The Virginia Mercury published an article by Kate Masters April 6th about Virginia’s $27 million order for personal protective equipment (PPE). As of April 20th, the Governor’s Office had not responded to the Mercury’s Freedom of Information Act request for a copy of the contract or the specifics of the deal.
The article did quote Virginia Health Commissioner Dr. Norman Oliver, who described the types of equipment ordered. In discussing how many sets of PPE are needed to care for those who are presumed positive for COVID-19, Oliver also explained why hospitalization numbers from the Virginia Hospital and Healthcare Association (VHHA) differ from those of the Virginia Department of Health (VDH).
“The new numbers vary from the state’s tally of hospitalized cases because VDH only counts the number of lab-confirmed patients who have been discharged from the hospital, Oliver said at the briefing,” he said. “That number lags behind the number you would get if you were to ask that same question of VHHA, which actually tracks the current census in the hospital.”
This may explain why VHHA began posting its COVID-19 dashboard online on April 6 with current hospitalization details, and why on April 13 it added the number of discharged patients with positive tests. It does not explain why, as of April 20, VDH still posts a footnote to its hospitalization numbers that says, “Hospitalization status at time case was investigated by VDH. This underrepresents the total number of hospitalizations in Virginia.” It seems likely that Oliver misspoke.
At the April 20 press conference, Governor Ralph Northam said that the Department of Health will expand the data it shares with the public. On a daily basis, VDH will share number of cases, hospitalizations and fatalities by locality and at the health-district level with demographic information like age and race.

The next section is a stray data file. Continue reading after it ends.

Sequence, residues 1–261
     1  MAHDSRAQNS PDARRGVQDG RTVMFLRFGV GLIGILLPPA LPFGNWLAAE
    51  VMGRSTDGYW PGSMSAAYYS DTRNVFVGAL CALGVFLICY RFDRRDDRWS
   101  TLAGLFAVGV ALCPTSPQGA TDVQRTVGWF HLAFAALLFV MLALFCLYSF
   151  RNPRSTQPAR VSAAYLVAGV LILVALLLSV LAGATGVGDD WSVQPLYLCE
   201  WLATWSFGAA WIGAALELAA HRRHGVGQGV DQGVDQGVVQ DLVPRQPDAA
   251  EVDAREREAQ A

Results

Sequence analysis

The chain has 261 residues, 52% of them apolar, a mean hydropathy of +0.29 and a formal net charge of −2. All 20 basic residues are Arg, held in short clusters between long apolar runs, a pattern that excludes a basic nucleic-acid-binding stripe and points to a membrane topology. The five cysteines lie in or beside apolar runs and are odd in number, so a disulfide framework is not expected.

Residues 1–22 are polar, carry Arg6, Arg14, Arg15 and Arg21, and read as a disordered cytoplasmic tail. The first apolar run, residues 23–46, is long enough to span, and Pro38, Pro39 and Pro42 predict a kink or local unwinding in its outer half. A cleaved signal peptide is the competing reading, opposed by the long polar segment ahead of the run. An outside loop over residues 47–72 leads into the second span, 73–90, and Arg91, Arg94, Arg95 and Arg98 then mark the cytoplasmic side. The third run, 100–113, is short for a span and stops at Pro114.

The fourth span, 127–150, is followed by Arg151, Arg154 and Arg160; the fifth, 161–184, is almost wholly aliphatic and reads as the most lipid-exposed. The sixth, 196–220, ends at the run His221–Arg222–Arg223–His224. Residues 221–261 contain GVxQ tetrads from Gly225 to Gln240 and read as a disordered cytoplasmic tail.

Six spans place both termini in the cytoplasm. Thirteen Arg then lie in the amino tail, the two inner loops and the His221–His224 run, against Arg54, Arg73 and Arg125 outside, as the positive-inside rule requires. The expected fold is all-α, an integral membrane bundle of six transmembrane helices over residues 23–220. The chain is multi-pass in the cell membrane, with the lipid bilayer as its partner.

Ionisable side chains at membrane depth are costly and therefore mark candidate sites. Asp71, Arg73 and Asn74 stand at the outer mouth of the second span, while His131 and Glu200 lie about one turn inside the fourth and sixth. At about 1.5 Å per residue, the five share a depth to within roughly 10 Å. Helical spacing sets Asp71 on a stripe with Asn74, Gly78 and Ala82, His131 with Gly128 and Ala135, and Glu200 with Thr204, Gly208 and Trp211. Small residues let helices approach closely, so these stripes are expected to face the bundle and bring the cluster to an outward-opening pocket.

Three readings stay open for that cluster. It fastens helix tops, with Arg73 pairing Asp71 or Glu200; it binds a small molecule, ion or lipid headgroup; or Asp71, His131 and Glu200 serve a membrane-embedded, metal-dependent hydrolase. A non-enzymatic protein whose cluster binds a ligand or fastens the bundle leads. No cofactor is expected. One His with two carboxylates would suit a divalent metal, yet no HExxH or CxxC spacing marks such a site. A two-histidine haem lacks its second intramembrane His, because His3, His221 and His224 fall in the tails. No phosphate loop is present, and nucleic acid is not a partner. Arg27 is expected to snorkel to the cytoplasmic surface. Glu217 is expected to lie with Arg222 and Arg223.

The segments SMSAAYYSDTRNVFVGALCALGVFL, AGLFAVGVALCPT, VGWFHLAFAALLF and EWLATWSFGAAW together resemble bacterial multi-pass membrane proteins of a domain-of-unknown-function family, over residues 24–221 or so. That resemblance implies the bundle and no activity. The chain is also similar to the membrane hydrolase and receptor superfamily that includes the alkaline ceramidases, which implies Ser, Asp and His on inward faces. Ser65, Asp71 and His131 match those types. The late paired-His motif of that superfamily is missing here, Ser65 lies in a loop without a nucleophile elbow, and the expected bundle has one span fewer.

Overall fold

Health Commissioner Oliver said long-term care facilities account for 77 of 139 outbreaks and 10% of state cases, but 26% of deaths.
“We have been tracking as best we can, the race and ethnic breakdown on both cases and deaths,” he said. “African American cases number about 28 percent of the cases, for those cases for which we have race and ethnicity data, and for the deaths for which we have data, they number about 34 percent.”
He said they have been improving race and ethnicity data and are missing only about one-third for cases and 3% missing in death data. One-third is still a lot of missing information, but improved from the 50% unknown that Richmond/Henrico Health District Director Danny Avulo reported five days ago.
The VDH website on April 20 shows percentages by ethnicity based on all cases. (Deaths are not currently shown by ethnicity.)
African American: 18.5%; 1,659 cases of which 417 are hospitalized.
Other: 13.2%; 1,183 cases with 266 hospitalizations
White: 33.6%; 3,018 cases with 574 hospitalizations
Race/ethnicity not reported: 34.8%, 3,130 with 243 hospitalizations
Excluding the 3,130 cases with unknown ethnicity, the breakdown of the known 5,860 cases is:
African American 28.3%
Oliver’s figure of 34% African Americans of all but 3% of deaths is an alarming number. Knowing the age breakdown will show how alarming that is, especially if more deaths are in younger categories or if the number includes many of the high percentage of deaths in long term care facilities.
Carol Bova is a writer who lives in Mathews County.